By Umar Nasser, President AMSA Imperial College London
Make no mistake: “The Innocence of Muslims” is a vile film, and an insult to the Founder of Islam and Muslims the world over. Yet the response to it across the Muslim world has done far more to tarnish the name of Islam than any short film ever could.
It is, for the unacquainted, the amateur film which slandered the Founder of Islam in just about as many ways that a 13 minute movie can slander anyone, and the spark which lit the timber of so-called ‘Muslim Rage’ around the world. Global protests ensued, aimed primarily at US embassies, with much loss of life to both foreign and national citizens. In Pakistan for example, whose government announced a National Holiday to protest, well over 20 citizens have been killed – most of whom were policemen trying to contain the rioting. Such protests do not represent the majority of the peaceful demonstrations that were held. In fact, as ever, the handful of extremist Muslims that targeted embassies and killed ambassadors in the purported ‘defence of Islam’ do not represent the vast majority of the 1.6 billion Muslims worldwide that condemn both the film and the violence. However it is this firebrand version of Islam that usually meets the public eye, and thus it is this extremism that must be most publicly denounced by ordinary Muslims more than anything. Not doing so gives a full sense of justification to the original filmmakers who can simply say that their point has been proved.
Having said that, let’s not forget what originally caused the chaos. It’s easy to fall for the narrative that this was simply the case of hypersensitive Muslims searching for and finding inflammatory material. But a deeper look into the history of the video reveals that this was not the case. The original ‘trailer’ was released back in early July to absolutely zero effect by “Nakoula Basseley Nakoula,” a man of extraordinarily low repute – being both a convicted fraudster and an ex-pornography director. Many disappointing weeks later, the Egyptian Christian anti-Islam activist Morris Sadek decided to upload an Arabic-dubbed version of the film to YouTube, disseminated the link to journalists, and teamed up with the well known US Pastor Terry Jones – famous for his “Burn the Koran Day” antics. Together, they publicised the film in conjunction with Jones’ rather comically-named “International Judge Muhammad Day” – which is held, of course, on 9/11. It was only after such concerted efforts by these extremist individuals to get the video seen by their Muslim counterparts, that anything actually kicked off.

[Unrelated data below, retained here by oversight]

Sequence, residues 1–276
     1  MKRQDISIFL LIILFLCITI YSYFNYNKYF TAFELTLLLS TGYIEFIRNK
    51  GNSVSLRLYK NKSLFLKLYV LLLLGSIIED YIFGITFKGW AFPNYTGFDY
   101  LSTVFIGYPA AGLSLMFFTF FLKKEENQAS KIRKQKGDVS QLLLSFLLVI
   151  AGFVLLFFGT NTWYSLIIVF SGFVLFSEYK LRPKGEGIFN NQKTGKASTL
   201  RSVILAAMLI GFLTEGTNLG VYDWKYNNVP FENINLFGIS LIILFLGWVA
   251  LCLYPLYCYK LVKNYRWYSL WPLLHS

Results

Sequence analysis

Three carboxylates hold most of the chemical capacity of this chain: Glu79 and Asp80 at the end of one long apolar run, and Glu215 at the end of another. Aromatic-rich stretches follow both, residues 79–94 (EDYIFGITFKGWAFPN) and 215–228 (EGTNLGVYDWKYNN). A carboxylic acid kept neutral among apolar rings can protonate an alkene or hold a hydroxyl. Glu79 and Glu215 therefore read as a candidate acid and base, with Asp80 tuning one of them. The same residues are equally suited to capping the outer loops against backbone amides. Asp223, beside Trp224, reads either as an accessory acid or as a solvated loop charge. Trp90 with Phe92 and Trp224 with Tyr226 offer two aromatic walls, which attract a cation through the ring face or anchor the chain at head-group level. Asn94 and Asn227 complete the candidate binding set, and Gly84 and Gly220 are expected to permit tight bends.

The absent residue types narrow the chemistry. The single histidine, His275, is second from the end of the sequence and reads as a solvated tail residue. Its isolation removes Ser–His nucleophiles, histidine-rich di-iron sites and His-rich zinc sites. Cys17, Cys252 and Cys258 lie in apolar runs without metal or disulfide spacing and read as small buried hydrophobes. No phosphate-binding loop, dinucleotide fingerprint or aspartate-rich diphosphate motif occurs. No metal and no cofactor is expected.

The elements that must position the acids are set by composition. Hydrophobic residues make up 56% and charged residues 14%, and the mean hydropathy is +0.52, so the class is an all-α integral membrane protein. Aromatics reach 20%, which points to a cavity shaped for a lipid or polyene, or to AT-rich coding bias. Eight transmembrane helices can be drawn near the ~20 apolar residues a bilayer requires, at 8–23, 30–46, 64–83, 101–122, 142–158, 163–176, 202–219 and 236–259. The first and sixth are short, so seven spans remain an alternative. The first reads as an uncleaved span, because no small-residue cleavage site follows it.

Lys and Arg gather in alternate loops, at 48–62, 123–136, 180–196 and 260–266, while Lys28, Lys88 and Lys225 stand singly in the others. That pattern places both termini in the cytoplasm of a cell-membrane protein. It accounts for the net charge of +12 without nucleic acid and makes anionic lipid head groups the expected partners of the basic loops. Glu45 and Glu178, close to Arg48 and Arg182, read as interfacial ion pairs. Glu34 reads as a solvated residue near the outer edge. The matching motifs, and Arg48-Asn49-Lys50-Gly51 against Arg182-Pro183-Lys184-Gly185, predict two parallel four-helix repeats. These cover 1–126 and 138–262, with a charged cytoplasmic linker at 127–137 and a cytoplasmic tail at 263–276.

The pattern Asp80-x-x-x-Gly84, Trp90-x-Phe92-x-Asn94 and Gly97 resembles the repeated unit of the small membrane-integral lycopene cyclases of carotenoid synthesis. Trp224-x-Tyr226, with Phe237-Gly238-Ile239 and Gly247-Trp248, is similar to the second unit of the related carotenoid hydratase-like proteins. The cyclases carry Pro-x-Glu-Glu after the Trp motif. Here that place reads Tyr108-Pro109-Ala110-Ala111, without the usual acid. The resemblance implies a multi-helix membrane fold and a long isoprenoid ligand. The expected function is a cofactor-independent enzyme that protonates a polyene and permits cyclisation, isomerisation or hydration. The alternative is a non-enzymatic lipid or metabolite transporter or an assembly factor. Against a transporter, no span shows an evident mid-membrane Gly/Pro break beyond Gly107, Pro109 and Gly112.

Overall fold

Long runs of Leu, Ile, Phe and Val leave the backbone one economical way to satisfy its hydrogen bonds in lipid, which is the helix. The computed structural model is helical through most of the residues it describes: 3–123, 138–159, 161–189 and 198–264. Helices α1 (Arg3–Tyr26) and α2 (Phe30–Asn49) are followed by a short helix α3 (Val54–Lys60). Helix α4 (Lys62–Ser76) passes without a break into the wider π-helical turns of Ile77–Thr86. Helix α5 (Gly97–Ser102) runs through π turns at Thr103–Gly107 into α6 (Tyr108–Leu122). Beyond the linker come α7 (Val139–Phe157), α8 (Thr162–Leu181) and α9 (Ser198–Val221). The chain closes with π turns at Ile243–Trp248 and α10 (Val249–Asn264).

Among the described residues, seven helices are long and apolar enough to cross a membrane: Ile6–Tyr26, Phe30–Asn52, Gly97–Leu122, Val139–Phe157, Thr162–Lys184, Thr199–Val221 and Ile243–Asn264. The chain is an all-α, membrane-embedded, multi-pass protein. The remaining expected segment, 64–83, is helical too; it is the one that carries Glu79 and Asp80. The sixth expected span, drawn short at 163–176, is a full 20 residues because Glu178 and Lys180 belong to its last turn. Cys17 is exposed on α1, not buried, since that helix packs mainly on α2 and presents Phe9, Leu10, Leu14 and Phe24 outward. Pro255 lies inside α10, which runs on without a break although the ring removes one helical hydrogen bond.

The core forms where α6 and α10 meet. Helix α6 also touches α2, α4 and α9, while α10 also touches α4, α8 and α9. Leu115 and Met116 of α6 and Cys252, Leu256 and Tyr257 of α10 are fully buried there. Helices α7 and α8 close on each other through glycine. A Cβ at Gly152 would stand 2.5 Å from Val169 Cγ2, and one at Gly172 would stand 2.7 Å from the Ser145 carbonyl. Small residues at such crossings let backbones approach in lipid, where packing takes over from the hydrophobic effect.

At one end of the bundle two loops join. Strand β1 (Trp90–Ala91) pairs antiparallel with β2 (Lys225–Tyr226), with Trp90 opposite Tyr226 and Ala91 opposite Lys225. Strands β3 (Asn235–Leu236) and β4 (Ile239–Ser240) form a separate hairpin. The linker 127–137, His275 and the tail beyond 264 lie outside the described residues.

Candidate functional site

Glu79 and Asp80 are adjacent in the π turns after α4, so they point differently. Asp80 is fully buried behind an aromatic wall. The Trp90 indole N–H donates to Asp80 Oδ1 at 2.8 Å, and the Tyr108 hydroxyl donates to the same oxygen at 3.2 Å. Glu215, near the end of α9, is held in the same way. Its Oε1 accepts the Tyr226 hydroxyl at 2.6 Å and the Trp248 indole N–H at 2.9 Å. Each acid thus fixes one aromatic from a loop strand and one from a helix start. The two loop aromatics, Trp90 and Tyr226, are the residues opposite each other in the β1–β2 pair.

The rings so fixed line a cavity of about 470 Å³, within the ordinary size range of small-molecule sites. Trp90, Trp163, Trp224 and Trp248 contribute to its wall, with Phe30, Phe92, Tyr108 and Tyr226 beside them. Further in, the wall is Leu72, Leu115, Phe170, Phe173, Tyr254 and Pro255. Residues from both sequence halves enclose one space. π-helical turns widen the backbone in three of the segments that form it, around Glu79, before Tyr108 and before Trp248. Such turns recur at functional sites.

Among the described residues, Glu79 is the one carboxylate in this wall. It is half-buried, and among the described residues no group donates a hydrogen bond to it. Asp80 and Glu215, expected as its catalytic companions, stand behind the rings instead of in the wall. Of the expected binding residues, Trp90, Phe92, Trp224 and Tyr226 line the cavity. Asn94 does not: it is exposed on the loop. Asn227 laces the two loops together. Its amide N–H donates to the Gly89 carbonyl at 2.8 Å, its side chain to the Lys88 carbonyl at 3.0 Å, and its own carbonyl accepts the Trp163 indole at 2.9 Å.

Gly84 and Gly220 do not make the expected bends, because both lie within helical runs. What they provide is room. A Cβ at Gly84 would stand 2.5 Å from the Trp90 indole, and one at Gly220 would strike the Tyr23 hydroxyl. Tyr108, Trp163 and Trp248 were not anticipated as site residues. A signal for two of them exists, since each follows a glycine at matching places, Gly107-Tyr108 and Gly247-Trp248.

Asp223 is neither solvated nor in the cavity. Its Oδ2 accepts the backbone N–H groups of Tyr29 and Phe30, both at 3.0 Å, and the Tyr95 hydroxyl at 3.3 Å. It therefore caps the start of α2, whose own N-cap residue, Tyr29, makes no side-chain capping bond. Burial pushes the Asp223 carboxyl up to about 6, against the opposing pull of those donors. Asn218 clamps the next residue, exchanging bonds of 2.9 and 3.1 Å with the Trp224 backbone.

There are many who are quick to cry ‘freedom of speech’ whenever such inflammatory material is released. They, however, should realise that it is a fallacy to believe that speech is entirely free, especially given the circumstances spelled out above. Hate-speech and anti-defamation laws abound in Western countries, and rightly so. In America, free speech is restricted when there is an intention or likelihood to cause imminent violence or law-breaking, and as such there is a strong case for the creators and promoters of this film to fall under the scope of such limitations. Those who still support the right for such views to be aired should at the very least emphasise their condemnation of this abuse of free speech, for the sake of peace and cohesion in society. If one’s loved ones were publicly slandered with no basis in truth, recourse to the ‘free speech’ argument would perhaps be a tad slower. And it’s important to realise that for millions of Muslims worldwide, the Prophet Muhammad (pbuh) is more beloved to them than anyone else.
Nevertheless, the actions which extremist mobs carried out in his name bear no resemblance to the practice of the man himself. The Qur’an, the holy book of Muslims, is replete with instructions to forgive and forbear: ‘’And the servants of the Gracious God are those who walk on the earth in a dignified manner, and when the ignorant address them, they say, ‘Peace!’’ (25:64). Muslims believe that the Prophet (pbuh) himself lived his life entirely in accordance with the Qur’an, which instructs him: “Keep to forgiveness, and enjoin kindness, and turn away from the ignorant.” (7:200). Thus how can those who violently protest say they are defending his honour, when their actions so clearly defy his practices?
Indeed the early history of Islam recounts many instances of persecution of the Prophet Muhammad (pbuh), and yet on his eventual return to Mecca, when he had full power over his once-persecutors, he told them that they were not going to be punished for their previous crimes – rather, that they were free. No retribution was exacted from the persecutors of the Prophet (pbuh) himself that day, yet the extremists have taken the lives of many innocents in the so-called ‘defence’ of his honour. Do they not see that the Prophet Muhammad (pbuh) was instructed to, “Repel evil with that which is best. And lo,” the Qur’an continues, “he between whom and thyself was enmity will become as though he were a warm friend.” (41:35). Pertinent guidance indeed for these troubled times – which Muslims and non-Muslims alike would do well to follow.
For a further discussion of these issues, consider the event advertised below.